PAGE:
By, Chad Hauseman

If you are in the market for a home purchase and are looking to take advantage of still low mortgage interest rates, a pre-approval is better than gold. While lenders have varying guidelines when it comes to evaluating potential borrowers and their risk, COVID-19 has changed the mortgage landscape. Guidelines can change from week to week, so speak with a loan officer early and often. Having a pre-approval will give you the extra luck you need to find your perfect home.

Income Assessment

Typically your lender will ask for a letter of verification from your employer as well as several months of paystubs. If you have recently changed jobs or were furloughed, this will lead your lender to make a conservative estimate of your income. You might qualify for less of a mortgage than you expected but don’t be discouraged. Ask your lender about what your options might be, including a larger downpayment or non-traditional loan.

COVID-19 Health Risks

House hunting can be hectic even without a pandemic. Currently, sellers are wary of allowing people into their homes. Open houses are unlikely and many selling agents are showing only to serious buyers. The best way to prove you are seriously looking is to get a pre-approval from a lender. In a tight market like this, having a pre-approval ready before you are ready to make an offer is a must.

COVID-19 Financial Risks

While the economy is on the rebound, the global pandemic still poses some risks to your financial circumstances. Bond yields have started to recover and when bond yields go up, interest rates on fixed and variable term mortgages go up as well.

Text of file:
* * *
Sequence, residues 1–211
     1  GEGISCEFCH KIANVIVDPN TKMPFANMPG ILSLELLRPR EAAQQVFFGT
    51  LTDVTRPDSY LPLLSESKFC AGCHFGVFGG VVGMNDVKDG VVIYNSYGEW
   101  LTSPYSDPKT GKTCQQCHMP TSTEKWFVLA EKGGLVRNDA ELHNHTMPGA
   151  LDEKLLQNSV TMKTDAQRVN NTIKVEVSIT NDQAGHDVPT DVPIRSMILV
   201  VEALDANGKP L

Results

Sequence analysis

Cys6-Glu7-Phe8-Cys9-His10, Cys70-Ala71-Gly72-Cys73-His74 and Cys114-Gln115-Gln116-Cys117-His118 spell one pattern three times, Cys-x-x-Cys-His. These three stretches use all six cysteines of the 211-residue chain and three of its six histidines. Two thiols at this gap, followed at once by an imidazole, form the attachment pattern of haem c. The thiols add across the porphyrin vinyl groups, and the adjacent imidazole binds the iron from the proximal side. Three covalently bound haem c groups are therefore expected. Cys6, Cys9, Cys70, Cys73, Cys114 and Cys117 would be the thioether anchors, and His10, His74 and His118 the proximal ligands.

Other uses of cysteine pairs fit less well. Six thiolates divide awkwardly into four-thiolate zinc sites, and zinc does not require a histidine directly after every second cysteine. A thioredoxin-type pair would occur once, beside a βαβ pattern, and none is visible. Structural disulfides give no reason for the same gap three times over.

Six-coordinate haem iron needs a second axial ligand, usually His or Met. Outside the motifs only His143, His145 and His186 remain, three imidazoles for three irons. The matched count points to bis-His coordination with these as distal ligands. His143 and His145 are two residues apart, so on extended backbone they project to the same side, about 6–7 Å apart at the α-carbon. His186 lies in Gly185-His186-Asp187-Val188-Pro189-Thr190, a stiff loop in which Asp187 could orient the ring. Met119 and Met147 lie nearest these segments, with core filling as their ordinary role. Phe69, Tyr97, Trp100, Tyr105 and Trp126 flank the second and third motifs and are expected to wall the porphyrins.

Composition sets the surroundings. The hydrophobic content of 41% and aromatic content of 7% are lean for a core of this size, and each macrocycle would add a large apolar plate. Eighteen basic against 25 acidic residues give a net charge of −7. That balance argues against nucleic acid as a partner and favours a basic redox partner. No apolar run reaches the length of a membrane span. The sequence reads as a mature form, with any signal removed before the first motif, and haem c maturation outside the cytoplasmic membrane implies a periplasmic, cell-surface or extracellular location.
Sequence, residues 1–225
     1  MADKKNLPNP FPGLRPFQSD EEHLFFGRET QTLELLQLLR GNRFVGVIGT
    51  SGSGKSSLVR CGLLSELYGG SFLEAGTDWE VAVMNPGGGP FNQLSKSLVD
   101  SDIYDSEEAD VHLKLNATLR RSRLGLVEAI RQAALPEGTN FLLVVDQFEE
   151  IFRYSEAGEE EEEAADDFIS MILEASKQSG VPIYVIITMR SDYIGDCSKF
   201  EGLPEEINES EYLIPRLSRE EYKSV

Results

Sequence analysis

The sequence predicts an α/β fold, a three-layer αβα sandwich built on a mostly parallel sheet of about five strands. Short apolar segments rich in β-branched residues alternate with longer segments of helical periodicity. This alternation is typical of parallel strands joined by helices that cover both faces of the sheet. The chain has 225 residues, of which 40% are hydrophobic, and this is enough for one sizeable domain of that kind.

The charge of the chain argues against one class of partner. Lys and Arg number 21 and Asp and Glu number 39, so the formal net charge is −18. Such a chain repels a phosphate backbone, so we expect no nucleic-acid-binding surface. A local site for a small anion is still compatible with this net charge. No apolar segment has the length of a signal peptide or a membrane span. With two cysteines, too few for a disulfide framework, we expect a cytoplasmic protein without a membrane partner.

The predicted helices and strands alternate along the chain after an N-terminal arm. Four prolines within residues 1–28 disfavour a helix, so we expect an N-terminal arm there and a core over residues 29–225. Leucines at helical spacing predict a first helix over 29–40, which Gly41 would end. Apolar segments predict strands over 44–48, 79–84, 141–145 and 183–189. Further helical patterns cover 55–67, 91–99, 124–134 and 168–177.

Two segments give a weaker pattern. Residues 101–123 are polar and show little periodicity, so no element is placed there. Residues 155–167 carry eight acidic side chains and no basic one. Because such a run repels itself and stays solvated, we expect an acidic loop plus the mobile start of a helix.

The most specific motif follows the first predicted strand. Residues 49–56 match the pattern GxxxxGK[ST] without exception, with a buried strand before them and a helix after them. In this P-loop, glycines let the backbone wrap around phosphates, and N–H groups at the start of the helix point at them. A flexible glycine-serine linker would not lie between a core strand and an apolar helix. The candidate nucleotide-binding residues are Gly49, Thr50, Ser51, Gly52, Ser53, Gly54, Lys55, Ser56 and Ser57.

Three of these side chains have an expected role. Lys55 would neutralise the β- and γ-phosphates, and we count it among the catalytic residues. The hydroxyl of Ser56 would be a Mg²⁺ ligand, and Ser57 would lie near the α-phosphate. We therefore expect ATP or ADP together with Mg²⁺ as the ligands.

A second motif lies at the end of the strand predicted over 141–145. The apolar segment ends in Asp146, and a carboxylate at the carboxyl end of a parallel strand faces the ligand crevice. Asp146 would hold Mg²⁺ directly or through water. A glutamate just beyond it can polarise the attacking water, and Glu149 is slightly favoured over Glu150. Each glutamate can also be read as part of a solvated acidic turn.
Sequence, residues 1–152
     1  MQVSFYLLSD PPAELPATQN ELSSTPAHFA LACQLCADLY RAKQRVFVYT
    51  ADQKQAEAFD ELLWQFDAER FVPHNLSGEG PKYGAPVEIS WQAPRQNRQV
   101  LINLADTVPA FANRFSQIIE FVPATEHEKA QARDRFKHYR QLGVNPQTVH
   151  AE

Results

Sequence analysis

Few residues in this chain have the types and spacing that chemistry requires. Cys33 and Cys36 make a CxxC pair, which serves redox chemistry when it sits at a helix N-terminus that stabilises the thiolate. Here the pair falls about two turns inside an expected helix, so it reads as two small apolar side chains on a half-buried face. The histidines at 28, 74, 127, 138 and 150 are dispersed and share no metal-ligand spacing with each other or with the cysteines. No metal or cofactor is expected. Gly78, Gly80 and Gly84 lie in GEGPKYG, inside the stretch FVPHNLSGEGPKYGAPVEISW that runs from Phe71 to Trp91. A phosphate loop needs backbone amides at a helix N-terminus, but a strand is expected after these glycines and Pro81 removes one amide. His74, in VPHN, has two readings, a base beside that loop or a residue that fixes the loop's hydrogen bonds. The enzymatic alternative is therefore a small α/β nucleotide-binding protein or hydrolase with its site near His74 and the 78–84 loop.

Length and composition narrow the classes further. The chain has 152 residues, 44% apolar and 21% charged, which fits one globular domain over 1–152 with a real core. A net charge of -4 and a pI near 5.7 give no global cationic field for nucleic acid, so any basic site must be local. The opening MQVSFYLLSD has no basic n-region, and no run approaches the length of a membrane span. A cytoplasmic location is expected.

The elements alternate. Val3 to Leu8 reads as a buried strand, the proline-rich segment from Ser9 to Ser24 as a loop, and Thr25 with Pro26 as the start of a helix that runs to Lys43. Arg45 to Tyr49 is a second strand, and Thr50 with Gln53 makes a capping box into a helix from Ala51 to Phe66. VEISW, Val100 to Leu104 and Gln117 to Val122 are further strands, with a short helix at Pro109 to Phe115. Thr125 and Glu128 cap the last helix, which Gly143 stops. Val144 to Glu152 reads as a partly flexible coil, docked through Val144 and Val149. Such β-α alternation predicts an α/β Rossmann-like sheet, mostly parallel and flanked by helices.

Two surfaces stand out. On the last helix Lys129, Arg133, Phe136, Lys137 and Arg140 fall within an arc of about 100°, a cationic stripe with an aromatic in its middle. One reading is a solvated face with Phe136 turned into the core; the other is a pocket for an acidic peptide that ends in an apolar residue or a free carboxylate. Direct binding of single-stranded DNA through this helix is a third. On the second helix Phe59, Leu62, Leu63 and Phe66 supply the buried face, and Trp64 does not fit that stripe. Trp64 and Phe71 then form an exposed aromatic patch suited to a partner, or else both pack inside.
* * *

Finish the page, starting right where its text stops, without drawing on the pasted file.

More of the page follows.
For example, if you choose a variable rate mortgage you definitely want to keep in mind that interest rates are practically guaranteed to go up in the next few years. Even 5-year fixed-term mortgages are going to see a rate increase soon.

Your monthly mortgage payment will rise along with the interest rate if it is variable, so make sure you budget accordingly and don’t stretch yourself too thin.

Additional Cash Reserves

The first thing you probably thought about when it comes to buying a home is the downpayment. While this might be the largest sum of cash you need throughout the process, your lender might recommend having additional cash set aside.

Often equal to a few months of mortgage payments, these funds can be in the form of checking, savings, or retirement funds. They are looking to make sure you have a rainy day fund if times got tough.

Additionally, many markets are seeing demand outstrip supply. New listings are trickling onto the market rather than flowing even though spring is around the corner. In this kind of market, sales are fast and buyers have little negotiating power. Having extra cash set aside can help you make an appealing offer in a short timeline.

Which Lender to Use

Your real estate agent might have a preferred lender but you aren’t required to use them. You should ask for a recommendation and do a little research of your own. You can use a mortgage broker or go through your primary bank for your mortgage pre-approval. The process and variety of options vary depending on where you go for a mortgage, so make sure you do some digging to ensure you have all the information before making a decision.

Lenders themselves are also being conservative during these uncertain times. Homebuyer demand remained high despite the pandemic and no lender wants to be caught in a housing bubble. Getting pre-approved will allow you and your lender to make a sound decision in a hot market.